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What is solving problem

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Understanding Complexity
Tools like 5 Whys , Appreciation and Root Cause Analysis help
you ask the right questions, and work through the layers of a
problem to uncover what's really going on.
At this stage, it's also important to ensure that you look at the issue
from a variety of perspectives. If you commit yourself too early,
you can end up with a problem statement that's really a solution
instead. For example, consider this problem statement: "We have to
find a way of disciplining of people who do substandard work."
This doesn't allow you the opportunity of discovering the real
reasons for under-performance. The CATWOE checklist provides a
powerful reminder to look at many elements that may contribute to
the problem, and to expand your thinking around it.

Having good strong problem solving skills


can make a huge difference to your career.
Problems are at the center of what many people do at work every
day. Whether you're solving a problem for a client (internal or
external), supporting those who are solving problems, or
discovering new problems to solve, the problems you face can be
large or small, simple or complex, and easy or difficult.

A fundamental part of every manager's role is finding ways to solve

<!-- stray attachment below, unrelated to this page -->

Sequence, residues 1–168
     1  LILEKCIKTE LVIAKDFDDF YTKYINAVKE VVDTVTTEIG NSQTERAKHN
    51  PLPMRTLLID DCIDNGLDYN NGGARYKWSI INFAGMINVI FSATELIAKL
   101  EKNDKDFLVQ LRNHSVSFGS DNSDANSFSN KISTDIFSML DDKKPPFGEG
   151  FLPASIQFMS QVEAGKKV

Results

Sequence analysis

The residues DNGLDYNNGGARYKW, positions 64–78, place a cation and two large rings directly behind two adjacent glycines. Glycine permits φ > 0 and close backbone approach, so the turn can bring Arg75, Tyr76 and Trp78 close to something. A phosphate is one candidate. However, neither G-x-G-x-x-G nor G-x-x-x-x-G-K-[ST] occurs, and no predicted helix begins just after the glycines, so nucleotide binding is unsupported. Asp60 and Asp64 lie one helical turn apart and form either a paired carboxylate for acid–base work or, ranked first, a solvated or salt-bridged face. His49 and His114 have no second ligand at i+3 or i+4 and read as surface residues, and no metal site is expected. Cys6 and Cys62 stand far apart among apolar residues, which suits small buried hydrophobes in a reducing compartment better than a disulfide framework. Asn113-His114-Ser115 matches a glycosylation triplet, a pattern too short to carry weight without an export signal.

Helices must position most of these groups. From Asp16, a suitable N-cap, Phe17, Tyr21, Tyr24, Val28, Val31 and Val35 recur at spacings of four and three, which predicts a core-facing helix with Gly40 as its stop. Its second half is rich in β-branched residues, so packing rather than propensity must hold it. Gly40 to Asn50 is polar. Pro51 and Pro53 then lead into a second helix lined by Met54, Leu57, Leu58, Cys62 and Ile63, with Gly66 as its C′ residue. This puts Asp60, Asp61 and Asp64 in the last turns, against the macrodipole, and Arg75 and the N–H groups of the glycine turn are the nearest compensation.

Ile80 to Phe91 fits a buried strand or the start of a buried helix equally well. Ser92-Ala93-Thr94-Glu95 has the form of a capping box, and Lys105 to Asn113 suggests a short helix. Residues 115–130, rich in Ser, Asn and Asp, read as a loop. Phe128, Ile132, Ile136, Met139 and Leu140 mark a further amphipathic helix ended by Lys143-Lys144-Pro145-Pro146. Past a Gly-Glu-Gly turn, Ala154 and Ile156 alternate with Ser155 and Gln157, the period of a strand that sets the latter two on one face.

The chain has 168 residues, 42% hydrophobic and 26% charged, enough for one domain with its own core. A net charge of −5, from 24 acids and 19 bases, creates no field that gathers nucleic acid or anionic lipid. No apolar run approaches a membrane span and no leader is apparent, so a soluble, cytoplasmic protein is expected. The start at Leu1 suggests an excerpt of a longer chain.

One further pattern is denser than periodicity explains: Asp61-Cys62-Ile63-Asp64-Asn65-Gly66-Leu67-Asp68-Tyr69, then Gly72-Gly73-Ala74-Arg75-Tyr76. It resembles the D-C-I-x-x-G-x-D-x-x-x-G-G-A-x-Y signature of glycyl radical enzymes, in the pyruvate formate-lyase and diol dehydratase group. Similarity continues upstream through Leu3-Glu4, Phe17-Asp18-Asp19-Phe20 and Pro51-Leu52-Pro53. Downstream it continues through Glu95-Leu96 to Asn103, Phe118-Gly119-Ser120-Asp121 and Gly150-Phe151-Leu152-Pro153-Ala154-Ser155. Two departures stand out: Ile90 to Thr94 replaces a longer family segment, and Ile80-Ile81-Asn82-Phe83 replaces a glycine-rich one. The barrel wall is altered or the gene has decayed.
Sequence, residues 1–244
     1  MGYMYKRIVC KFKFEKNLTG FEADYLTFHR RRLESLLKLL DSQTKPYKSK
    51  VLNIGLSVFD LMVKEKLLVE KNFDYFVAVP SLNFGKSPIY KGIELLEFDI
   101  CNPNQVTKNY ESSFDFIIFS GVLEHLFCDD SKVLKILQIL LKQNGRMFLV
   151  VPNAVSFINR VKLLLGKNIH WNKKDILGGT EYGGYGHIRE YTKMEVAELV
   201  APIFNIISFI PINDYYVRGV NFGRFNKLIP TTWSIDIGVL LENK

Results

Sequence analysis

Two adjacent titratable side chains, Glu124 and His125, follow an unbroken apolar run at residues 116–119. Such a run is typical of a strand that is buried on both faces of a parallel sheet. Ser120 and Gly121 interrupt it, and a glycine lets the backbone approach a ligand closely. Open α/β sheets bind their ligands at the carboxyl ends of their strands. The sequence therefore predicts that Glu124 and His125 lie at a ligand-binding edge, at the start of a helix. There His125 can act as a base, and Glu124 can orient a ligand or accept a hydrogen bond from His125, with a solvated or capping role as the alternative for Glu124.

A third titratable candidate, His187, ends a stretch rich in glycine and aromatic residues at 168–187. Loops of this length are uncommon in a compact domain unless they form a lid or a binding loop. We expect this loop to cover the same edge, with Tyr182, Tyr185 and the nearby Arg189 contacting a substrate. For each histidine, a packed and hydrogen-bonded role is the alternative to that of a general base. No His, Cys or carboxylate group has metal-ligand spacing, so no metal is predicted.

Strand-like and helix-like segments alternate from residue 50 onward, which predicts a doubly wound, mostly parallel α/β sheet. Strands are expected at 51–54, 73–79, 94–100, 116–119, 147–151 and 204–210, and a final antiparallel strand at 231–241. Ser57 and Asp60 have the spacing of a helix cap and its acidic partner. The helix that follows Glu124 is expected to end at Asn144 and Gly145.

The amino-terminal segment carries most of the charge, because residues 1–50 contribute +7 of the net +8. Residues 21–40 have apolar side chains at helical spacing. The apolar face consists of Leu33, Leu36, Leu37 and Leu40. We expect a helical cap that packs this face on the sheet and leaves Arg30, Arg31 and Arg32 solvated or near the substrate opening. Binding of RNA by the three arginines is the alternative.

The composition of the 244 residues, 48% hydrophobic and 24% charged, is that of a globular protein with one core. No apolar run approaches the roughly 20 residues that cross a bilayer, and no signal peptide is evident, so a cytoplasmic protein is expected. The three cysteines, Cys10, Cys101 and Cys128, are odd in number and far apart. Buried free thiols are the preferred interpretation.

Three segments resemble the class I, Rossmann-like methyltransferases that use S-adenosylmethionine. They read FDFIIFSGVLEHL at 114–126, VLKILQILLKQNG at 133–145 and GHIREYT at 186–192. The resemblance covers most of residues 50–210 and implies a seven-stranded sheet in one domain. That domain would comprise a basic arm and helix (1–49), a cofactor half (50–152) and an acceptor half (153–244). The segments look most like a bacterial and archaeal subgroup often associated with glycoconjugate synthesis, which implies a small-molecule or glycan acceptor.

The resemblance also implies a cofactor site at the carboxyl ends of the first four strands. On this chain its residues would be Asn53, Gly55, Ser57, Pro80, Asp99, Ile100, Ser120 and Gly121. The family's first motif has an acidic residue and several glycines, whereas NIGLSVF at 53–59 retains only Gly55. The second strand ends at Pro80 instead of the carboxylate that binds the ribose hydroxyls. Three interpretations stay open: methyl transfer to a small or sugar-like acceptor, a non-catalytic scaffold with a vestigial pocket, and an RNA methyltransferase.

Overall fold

them. So, being a confident problem solver is really important to
your success. Much of that confidence comes from having a good
process to use when approaching a problem. With one, you can
solve problems quickly and effectively. Without one, your solutions
may be ineffective, or you'll get stuck and do nothing, with
sometimes painful consequences.

There are four basic steps in solving a problem:

1. Defining the problem.


2. Generating alternatives.
3. Evaluating and selecting alternatives.
4. Implementing solutions.
Steps 2 to 4 of this process are covered in depth in other areas of
Mind Tools. For these, see our sections on Creativity for step 2
(generating alternatives); Decision Making for step 3 (evaluating
and selecting alternatives); and Project Management for step 4
(implementing solutions).
The articles in this section of Mind Tools therefore focus on helping
you make a success of the first of these steps – defining the
problem. A very significant part of this involves making sense of
the complex situation in which the problem occurs, so that you can
pinpoint exactly what the problem is. Many of the tools in this
section help you do just that. We look at these, and then review
some useful, well-established problem-solving frameworks.

Defining the Problem


The key to a good problem definition is ensuring that you deal with
the real problem – not its symptoms. For example, if performance in
your department is substandard, you might think the problem is with
the individuals submitting work. However, if you look a bit deeper,
the real issue might be a lack of training, or an unreasonable
workload.